More than 100 universities and research centres damaged in months-long conflict
Sudan’s national science academy has appealed to academic institutions worldwide to help university staff and students displaced in the country’s violent conflict.
In a letter dated 21 September, the Sudanese National Academy of Sciences sets out how the months-long fighting between two factions of the country’s army has scattered Sudan’s research community and left universities and research centres in ruins.
“We appeal to our colleagues in the national academies…to support Sudanese students, researchers and university professors in this difficult period by providing admission to your universities and academic institutions until the crisis is over,” it says.
“We also appeal to you to approach all possible donors in your countries to help us obtain contributions to support the reconstruction of what was destroyed by the war.”
A critical situation
The conflict has raged since April this year and air raids have targeted urban and industrial centres, where many academic institutions are located. Vital services are “practically nonexistent” in many towns, the academy writes, particularly in Khartoum (pictured), the country’s capital.
On 27 August, Sudan’s Ministry of Higher Education and Scientific Research said that more than 100 universities and research centres had been damaged nationwide and that equipment and transport vehicles at institutions had been ransacked.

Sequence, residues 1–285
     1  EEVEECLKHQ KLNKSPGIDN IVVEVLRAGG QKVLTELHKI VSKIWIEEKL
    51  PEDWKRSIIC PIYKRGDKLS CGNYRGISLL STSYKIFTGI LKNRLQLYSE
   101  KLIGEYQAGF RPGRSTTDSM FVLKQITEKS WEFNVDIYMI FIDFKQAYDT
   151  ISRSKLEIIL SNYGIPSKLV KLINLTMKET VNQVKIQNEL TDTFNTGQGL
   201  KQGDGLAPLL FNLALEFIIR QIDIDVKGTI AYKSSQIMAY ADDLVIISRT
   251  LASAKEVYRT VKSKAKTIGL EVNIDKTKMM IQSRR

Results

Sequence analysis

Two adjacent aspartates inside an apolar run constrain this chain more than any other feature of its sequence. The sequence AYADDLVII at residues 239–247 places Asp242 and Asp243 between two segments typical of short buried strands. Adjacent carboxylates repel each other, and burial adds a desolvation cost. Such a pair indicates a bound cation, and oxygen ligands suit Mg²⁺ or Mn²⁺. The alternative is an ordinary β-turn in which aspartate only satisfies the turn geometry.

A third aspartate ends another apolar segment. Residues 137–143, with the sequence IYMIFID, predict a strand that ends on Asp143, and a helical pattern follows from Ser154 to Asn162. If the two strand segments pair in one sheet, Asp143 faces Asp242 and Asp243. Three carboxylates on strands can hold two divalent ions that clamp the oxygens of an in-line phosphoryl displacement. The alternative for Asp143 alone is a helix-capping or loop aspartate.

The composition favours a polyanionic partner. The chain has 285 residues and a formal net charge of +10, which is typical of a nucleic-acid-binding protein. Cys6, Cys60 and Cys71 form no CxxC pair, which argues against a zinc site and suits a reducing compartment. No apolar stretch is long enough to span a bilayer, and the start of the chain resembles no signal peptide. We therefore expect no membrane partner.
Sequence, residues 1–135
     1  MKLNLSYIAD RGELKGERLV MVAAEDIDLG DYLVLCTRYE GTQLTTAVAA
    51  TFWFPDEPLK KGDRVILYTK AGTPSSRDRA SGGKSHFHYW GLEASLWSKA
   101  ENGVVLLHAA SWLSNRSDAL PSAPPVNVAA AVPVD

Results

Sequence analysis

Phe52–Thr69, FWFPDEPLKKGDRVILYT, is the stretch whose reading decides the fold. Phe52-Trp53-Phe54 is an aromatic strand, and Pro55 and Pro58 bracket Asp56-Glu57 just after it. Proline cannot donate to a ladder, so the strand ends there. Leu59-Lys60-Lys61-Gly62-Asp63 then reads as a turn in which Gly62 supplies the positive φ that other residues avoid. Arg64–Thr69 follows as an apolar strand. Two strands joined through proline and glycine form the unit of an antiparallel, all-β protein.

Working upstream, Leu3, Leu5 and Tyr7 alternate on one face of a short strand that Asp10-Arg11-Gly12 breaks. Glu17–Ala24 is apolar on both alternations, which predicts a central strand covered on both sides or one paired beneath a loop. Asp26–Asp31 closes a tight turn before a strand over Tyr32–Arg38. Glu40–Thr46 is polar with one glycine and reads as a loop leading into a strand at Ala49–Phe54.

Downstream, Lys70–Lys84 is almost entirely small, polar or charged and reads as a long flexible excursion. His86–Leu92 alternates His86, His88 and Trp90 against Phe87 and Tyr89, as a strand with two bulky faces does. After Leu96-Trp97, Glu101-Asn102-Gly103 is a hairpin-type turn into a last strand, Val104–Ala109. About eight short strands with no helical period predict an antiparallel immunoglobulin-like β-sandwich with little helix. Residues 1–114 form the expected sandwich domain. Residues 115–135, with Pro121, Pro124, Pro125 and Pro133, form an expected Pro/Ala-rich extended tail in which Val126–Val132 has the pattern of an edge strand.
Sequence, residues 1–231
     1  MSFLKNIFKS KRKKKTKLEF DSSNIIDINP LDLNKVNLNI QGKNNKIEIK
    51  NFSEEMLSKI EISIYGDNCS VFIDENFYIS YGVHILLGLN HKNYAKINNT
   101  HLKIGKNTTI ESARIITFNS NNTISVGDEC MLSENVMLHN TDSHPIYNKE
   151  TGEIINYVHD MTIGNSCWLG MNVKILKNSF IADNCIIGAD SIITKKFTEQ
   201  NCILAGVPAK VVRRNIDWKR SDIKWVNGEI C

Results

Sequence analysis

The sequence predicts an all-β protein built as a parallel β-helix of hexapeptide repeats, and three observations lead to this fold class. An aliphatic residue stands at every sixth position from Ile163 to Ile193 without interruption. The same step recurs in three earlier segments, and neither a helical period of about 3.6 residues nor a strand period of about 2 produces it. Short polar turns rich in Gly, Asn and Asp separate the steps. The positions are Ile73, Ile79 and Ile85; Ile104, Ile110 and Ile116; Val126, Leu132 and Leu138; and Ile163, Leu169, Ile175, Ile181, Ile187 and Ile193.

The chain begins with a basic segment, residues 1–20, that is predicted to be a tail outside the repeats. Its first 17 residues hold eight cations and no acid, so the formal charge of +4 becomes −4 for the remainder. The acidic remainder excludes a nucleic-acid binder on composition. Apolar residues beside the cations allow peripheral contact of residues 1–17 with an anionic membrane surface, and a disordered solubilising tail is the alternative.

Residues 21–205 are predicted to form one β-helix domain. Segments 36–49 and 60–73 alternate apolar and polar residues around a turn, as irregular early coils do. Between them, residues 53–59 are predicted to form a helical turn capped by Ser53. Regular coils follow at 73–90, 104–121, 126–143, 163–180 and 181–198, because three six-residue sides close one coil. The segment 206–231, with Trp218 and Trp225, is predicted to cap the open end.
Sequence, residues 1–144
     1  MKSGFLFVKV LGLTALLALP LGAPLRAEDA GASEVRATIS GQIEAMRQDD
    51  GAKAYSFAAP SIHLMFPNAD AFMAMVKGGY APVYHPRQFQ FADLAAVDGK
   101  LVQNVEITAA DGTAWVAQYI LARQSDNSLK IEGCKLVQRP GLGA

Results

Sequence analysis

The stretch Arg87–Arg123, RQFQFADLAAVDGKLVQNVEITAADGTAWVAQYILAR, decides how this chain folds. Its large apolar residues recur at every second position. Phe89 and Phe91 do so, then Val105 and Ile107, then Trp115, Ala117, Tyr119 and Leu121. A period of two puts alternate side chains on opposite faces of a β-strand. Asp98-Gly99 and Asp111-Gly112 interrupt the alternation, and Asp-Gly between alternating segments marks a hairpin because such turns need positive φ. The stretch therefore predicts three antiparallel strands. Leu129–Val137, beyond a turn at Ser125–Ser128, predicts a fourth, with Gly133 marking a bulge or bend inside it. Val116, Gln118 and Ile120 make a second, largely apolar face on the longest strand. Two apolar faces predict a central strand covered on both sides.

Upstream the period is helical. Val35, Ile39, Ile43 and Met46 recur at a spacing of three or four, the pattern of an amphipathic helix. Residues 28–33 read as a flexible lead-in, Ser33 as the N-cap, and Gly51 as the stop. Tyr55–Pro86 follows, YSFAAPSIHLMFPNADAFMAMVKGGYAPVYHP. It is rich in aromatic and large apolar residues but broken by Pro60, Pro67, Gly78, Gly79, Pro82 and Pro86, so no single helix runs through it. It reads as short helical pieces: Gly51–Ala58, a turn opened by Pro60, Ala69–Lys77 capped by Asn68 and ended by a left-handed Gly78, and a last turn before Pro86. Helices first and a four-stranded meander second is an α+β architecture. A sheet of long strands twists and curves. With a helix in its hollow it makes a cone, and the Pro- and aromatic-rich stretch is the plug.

Nimir Elbashir, a Qatar-based Sudanese engineering professor, wrote in an email that the impact of the war was likely to be “much greater” than reported by the ministry. “No one yet has access to any of the facilities in the war zone,” he wrote. He said that starting estimates for the cost of damage could reach billions of dollars.
The situation is “critical” for academics in Sudan, the academy’s president Mohamed Hassan said. “With this open letter, we hope to raise awareness within the global scientific community, who I hope will show their solidarity with our plight.”
A scattered community
The situation has scattered students and academic staff, many of whom have fled to safe areas where no modern communications are available, the academy says. “As a result, even remote teaching is impossible.”
Suad Sulaiman, a member of the academy and government health and environment adviser, told Research Professional News that she had fled Khartoum with her family on 18 May as bombing and shooting had increased.
She has had difficulties leaving the country due to her and several members of her family’s passports being either expired, shredded or held for visas when the fighting intensified. She is currently living in Dongola in northern Sudan, waiting for Egyptian visas for the new passports, received only last week, which could take another two to three months, she says.
“Living in Dongola is hard,” she says. “We are going through our savings, there are no salaries or banks, the internet is slow and it’s hot and the rent expensive.”
She says she knows of several researchers from Khartoum who are going through a similar ordeal.
“Even if the war and fighting stops now, recovering and rehabilitation of what has been destroyed will not be easy,” she says. “[It will take] at least five years, even if the international community and donors are ready to contribute and help.”